An inversion is when the subject of the sentence comes after the verb. In many of the choices, this occurs. If we look at A, we have the following prepositional phrases:
"on earth"
"among the surest indications"
"of sunspot cycles"

Prepositional phrases don't contain the main subjects of sentences, but these are the only words before "are believed to be" - so the subject must come after the verb.

What is or are believed to be? If I strip it down: The rate is believed to be among the indications...
I agree it sounds kind of weird, but it's grammatically correct.

As for C, it implies first that this belief is only true "on earth" - but maybe people living on other planets have different views. That's nonsensical. The ending "indications of sunspot cycles, as seen in the rings visible..." also implies that the rings are in the indications of sunspot cycles (the stuff after the comma modifies the stuff before the comma). That's also nonsensical - we see evidence of the tree growth rate in the rings, not sunspot cycles.

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 Post subject:
 Post Posted: Mon Nov 03, 2008 8:00 pm 
Can someone flesh out the below concept? I feel like i only know enough to be dangerous.

"and finally, yes, 'the rate that' is simply... wrong. things don't 'happen a rate'; they happen at a rate, so that preposition has to stay. same reason you can say 'the grocery store at which i bought that food', and not 'the grocery store that i bought that food'."


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 Post subject:
 Post Posted: Fri Nov 21, 2008 8:10 am 
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ManhattanGMAT Staff


Posts: 13165
Anonymous wrote:
Can someone flesh out the below concept? I feel like i only know enough to be dangerous.

"and finally, yes, 'the rate that' is simply... wrong. things don't 'happen a rate'; they happen at a rate, so that preposition has to stay. same reason you can say 'the grocery store at which i bought that food', and not 'the grocery store that i bought that food'."


in general, you can't say "the X that NOUN VERB" unless X is the direct object of the VERB. by definition, this means that you should be able to turn around the sentence so that it says "NOUN VERB X".

for instance, i can say "james hit the ball", so this can be turned around to "the ball that james hit..."

on the other hand, i can't say that "this process happens rate X", so, therefore, i can't write "the rate that this process happens".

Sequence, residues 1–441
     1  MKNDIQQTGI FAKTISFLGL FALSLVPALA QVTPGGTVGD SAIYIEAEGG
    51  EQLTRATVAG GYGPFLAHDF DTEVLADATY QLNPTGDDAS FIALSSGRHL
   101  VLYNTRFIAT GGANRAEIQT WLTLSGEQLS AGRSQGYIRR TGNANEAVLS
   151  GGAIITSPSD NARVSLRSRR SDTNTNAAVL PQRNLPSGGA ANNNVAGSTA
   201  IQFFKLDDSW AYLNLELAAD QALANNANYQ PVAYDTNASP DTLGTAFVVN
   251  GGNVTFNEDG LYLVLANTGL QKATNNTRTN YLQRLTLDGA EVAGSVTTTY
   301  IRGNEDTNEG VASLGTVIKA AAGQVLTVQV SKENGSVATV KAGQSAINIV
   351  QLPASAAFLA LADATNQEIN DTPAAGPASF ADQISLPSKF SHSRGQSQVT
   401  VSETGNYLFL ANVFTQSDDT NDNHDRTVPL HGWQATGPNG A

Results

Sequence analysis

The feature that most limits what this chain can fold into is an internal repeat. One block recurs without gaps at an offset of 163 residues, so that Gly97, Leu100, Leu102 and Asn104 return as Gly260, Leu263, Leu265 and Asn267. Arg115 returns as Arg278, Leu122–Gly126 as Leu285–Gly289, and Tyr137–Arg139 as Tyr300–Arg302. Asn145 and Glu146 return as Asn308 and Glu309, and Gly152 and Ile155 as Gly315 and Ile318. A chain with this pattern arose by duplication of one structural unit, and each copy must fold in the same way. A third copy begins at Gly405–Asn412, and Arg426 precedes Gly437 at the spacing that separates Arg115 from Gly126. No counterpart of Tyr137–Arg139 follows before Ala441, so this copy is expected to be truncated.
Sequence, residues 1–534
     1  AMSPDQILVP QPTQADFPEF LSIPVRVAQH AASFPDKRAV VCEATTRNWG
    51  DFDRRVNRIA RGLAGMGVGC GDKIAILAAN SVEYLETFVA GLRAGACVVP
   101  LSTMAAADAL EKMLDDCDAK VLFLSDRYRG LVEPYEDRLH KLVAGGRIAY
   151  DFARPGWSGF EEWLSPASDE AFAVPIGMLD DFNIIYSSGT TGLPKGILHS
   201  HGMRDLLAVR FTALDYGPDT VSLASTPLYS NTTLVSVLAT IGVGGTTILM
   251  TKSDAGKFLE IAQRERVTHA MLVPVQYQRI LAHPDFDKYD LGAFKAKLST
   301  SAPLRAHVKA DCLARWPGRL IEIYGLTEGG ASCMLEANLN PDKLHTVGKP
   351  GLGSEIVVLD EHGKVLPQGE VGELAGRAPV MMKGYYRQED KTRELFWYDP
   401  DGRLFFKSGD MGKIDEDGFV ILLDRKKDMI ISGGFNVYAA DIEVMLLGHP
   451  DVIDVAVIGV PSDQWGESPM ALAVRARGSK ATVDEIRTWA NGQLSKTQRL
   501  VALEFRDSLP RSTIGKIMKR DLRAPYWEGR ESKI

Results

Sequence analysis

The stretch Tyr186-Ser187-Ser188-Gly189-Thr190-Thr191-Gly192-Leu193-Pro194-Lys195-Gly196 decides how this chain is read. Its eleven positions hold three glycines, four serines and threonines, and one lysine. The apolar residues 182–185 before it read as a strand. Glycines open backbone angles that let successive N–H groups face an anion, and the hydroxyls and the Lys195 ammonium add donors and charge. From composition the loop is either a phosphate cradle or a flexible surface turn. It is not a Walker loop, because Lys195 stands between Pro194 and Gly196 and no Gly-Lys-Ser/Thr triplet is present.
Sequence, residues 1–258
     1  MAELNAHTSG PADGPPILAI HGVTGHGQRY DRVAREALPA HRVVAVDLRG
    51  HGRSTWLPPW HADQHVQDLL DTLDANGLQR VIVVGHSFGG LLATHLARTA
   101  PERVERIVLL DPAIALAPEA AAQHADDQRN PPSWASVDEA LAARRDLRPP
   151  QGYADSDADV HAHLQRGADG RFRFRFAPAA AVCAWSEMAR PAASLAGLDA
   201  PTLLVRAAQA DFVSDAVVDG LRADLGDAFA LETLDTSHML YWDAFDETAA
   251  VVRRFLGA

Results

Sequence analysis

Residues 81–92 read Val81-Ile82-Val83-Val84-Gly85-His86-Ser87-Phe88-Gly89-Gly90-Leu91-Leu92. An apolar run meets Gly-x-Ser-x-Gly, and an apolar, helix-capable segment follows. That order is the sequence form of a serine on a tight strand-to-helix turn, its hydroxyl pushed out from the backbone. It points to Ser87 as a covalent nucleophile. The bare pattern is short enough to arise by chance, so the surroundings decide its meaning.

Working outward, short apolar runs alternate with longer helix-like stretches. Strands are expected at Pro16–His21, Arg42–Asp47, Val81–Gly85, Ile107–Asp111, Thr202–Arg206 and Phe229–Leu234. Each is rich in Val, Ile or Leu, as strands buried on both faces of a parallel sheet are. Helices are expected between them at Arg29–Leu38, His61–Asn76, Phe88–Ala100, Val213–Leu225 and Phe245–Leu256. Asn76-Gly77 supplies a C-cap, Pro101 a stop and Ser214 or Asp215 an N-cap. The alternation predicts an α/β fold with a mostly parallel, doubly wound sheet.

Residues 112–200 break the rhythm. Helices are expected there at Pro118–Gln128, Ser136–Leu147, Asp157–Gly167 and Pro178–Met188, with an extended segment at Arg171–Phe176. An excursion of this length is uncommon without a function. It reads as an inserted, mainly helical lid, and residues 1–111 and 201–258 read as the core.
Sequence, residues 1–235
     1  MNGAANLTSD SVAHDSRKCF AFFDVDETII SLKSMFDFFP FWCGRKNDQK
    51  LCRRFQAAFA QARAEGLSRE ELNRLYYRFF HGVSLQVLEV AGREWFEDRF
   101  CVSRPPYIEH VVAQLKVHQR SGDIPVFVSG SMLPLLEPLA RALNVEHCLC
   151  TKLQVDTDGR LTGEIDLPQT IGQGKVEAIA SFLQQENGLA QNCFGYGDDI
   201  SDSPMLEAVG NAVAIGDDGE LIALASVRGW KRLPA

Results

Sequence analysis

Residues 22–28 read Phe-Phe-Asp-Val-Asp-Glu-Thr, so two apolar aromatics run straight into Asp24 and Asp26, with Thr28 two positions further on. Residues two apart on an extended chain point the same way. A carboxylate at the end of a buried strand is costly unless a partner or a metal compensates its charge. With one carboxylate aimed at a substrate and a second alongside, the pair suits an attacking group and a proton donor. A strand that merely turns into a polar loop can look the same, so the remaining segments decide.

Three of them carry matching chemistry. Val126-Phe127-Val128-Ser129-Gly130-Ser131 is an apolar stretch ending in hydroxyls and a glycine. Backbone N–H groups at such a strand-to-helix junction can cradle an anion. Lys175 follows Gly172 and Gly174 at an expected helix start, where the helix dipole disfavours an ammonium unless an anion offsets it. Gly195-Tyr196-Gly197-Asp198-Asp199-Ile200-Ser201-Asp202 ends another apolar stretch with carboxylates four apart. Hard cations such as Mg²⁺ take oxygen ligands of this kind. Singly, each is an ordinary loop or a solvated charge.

instead, i have to use the preposition "at", because that preposition occurs in the idiomatically correct version of the first sentence:
"this process happens at rate X" --> "the rate at which this process happens"

hth


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 Post subject: Re: On Earth, among the surest indications of sunspot cycles are
 Post Posted: Fri Aug 21, 2009 8:43 pm 
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Course Students


Posts: 144
Is believe followed by TO BE?
I have seen many sentences with the structure "I believe THAT" or "It is believed TO BE"....

Is there any difference? I assume that both are correct


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 Post subject: Re: On Earth, among the surest indications of sunspot cycles are
 Post Posted: Sun Aug 30, 2009 2:50 am 
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ManhattanGMAT Staff


Posts: 13165
cesar.rodriguez.blanco wrote:
Is believe followed by TO BE?
I have seen many sentences with the structure "I believe THAT" or "It is believed TO BE"....

Is there any difference? I assume that both are correct


they're both correct. they are, however, very different.

the first is in the active voice, so the subject refers to the person holding the belief.
ex:
i believe that the moon is square.
in this case, i hold the belief that the moon is square.

the second is in the passive voice, so the subject refers to the thing about which the belief is held.
ex:
the moon is believed to be square by certain people.
in this case, the mentioned beliefs are held about the moon.

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 Post subject: Re: On Earth, among the surest indications of sunspot cycles are
 Post Posted: Mon Apr 26, 2010 6:20 am 
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Students


Posts: 5
RonPurewal wrote:
you can spot the inversion because there is nothing before 'are' that could possibly be a subject. the entire preceding portion of the sentence is a giant prepositional phrase.


refrering to above reasoning I selected option D, which is incorrect, in the following SC:
[edited out OG #86]

I right away crossed A,B&C using the same reason that 'in its profits' is a prepositional phrase so rel. pronoun 'which cannot refer to 'profits'

Anybody please help me on this